It's also why when he did come back from Loony Tunes Land, he was provided with such a soft landing. The people around him just kind of went, "Oh, he's making sense again. Very good, let's give him an office now." Sort of the way you might act if the electric can opener suddenly started working again. In fact, you get the feeling that the entire lofty culture in which Nash dwells is so full of individuals skating dangerously close to the line he has already crossed, that nobody is much surprised by anything he does. In short, it is impossible to disconnect the mathematician John Nash from the man John Nash. It makes absolutely no sense to try.
Yet that's exactly what Ron Howard's movie tries to do. Howard doesn't understand the mathematics or the intense cutthroat atmosphere of the high-level academic politics in which Nash found himself as a fledgling academic--an atmosphere that may very well have precipitated the onset of his schizophrenia--and so airbrushes it over. This is bad, but what seems to me unforgivable is that he ignores the central insight of the man's life, which is that genius and insanity are often inextricably linked.
When John Nash is asked by Harvard professor George Mackey, "How could you, a mathematician, a man devoted to reason and logical proof ... how could you believe that extraterrestrials are sending you messages?" Nash tells him, "Because the ideas I had about supernatural beings came to me the same way that my mathematical ideas did." When I put Nasar's book down, I was convinced that John Forbes Nash is a genius. I was also convinced that the price he paid for it was exceedingly high.
But Howard wants to play the story as one of schizophrenia, not brilliance. And the John Nash-like character he depicts could be any paranoid schizophrenic, could be my neighbor with the electrical emanations, for that matter. He misses the point entirely that the brilliance and the insanity came from the same place, and convinced me that the hard truth is, Hollywood is more delusional than Nash ever was and can no longer tell the difference between artistic license and outright lying.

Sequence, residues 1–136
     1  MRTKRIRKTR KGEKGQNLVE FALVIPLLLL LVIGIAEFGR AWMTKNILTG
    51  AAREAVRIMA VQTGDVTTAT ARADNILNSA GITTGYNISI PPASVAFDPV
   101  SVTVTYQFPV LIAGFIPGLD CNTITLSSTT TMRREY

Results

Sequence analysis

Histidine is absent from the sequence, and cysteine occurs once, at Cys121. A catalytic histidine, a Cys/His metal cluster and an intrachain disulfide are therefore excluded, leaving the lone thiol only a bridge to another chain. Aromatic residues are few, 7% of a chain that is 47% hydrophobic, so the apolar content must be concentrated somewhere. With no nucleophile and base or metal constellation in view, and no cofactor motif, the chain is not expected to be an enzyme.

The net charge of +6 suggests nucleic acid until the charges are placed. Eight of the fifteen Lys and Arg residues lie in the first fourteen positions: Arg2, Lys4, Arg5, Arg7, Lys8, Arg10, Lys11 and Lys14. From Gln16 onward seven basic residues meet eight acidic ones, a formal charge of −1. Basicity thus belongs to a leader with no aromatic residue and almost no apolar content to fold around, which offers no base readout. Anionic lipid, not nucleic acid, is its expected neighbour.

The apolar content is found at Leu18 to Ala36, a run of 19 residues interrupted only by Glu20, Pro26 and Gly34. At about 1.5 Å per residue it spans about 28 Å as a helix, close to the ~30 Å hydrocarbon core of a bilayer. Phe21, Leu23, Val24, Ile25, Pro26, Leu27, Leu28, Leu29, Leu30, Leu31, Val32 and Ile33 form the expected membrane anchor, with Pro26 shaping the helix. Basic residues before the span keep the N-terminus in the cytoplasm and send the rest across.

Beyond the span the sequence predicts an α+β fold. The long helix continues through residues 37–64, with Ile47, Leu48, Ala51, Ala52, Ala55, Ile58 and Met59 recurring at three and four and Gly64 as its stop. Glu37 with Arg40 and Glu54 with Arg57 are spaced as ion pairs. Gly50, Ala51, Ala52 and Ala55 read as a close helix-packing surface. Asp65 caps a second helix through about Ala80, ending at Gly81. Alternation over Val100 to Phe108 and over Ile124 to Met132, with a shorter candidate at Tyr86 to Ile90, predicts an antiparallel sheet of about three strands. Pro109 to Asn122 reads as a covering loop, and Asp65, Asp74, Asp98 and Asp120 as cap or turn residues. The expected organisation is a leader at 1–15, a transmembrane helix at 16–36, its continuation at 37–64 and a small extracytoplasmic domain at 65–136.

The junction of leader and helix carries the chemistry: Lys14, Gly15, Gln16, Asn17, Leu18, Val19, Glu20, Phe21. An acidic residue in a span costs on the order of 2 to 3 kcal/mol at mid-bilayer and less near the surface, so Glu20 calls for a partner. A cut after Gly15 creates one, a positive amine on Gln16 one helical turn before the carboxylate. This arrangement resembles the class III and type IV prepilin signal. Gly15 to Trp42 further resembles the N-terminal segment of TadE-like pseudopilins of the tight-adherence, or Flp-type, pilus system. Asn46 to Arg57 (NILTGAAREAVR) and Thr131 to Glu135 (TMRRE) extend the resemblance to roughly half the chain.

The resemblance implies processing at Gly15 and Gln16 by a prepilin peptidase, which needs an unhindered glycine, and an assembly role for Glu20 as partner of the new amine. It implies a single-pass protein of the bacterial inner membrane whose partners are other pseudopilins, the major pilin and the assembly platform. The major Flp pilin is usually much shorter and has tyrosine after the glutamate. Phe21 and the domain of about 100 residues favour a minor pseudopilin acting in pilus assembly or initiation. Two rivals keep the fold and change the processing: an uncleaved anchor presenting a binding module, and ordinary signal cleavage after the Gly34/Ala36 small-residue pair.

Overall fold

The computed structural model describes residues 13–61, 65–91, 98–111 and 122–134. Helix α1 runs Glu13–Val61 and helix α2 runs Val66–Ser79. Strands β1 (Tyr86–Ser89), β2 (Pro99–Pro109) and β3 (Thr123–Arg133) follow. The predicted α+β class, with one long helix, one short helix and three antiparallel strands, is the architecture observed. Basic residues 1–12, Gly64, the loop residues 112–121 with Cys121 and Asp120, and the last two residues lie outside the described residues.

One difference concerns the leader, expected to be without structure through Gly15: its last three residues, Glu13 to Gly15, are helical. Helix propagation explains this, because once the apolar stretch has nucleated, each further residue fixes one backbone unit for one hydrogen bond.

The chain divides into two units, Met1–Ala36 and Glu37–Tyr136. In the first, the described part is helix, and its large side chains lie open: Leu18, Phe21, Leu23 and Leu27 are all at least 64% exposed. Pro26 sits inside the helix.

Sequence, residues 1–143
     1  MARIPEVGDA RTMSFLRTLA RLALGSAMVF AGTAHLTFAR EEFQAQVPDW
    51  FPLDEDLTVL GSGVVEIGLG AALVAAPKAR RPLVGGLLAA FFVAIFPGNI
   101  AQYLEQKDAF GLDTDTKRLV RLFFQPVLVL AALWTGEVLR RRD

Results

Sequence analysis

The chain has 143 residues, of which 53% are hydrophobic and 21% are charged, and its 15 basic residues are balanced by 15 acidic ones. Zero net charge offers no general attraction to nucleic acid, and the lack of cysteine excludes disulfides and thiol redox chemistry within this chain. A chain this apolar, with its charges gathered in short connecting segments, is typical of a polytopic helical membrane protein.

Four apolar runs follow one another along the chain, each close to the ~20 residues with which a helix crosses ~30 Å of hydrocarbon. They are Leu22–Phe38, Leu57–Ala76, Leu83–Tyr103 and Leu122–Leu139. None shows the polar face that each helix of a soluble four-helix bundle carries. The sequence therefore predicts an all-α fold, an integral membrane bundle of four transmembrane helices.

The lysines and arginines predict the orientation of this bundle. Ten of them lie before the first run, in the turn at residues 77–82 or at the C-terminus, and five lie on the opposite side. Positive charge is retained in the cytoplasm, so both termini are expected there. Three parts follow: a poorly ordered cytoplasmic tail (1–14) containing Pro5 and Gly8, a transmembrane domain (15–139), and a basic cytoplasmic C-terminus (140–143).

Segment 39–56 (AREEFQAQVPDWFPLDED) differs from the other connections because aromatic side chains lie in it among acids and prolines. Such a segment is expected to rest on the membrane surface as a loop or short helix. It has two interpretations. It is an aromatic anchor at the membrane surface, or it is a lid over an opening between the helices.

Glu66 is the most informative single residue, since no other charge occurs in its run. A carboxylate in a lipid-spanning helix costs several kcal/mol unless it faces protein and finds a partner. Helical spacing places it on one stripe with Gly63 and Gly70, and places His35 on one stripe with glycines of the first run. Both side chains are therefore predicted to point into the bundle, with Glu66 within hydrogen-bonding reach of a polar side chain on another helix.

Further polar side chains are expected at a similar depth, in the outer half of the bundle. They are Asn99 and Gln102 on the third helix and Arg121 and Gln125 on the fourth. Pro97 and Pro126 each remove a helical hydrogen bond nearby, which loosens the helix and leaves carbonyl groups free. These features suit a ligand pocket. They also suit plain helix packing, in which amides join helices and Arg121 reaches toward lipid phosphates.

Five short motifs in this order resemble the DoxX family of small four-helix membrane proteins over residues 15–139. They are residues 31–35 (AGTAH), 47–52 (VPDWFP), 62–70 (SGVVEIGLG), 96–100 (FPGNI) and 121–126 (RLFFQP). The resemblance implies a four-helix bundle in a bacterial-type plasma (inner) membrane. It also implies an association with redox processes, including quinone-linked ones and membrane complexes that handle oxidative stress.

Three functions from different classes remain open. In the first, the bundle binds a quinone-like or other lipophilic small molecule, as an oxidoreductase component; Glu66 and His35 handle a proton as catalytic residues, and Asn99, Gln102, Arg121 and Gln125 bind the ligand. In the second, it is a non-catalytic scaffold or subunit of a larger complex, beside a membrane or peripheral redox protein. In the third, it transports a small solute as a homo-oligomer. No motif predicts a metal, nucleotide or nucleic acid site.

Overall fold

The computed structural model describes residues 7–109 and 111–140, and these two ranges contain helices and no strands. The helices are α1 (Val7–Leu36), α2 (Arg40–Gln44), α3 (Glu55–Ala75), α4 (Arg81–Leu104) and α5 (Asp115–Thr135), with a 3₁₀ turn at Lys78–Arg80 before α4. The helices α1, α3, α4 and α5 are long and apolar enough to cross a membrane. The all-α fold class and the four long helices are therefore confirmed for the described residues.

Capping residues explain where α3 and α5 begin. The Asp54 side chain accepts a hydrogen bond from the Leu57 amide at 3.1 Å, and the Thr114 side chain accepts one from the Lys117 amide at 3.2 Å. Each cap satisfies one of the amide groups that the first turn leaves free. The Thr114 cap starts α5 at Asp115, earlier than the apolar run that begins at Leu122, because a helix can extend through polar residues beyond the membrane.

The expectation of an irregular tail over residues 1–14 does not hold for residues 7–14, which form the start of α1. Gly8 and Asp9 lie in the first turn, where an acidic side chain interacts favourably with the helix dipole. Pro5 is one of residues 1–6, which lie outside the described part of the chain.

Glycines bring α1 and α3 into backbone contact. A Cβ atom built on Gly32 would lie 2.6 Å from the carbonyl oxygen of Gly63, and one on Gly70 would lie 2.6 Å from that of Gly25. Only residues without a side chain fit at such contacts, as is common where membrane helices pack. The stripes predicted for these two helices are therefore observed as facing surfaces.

And the tragedy here is a person who doesn't even warrant mention in Howard's movie: John Nash's first-born son, John Stier. Nash never married his mother, saddling him with not just the stigma of being a bastard--no trivial thing in the 60s--but the enormous psychological baggage that comes of being an unwanted child.
Nasar's account of John Nash's life had me marveling at her willingness to bend over backwards to be fair with this extremely difficult person, and I came to understand that Nash was allowed to get away with transgressions and dodge dilemmas the rest of us cannot escape because brilliance is something we value highly in this culture. If it were not for that brilliance, he would have wound up just another homeless person wandering the streets talking to himself.
I pity the man and his wife. His second son, also afflicted, is unmanageable, occasionally violent, and you get the feeling that in their dotage the Nashes are once again sorely besieged by the devastation that is schizophrenia. But the man portrayed in Ron Howard's movie is simply not John Nash. A writer for the New York Times called him John Nash prime. I wouldn't even go that far. I'd just call him John Nash contrived.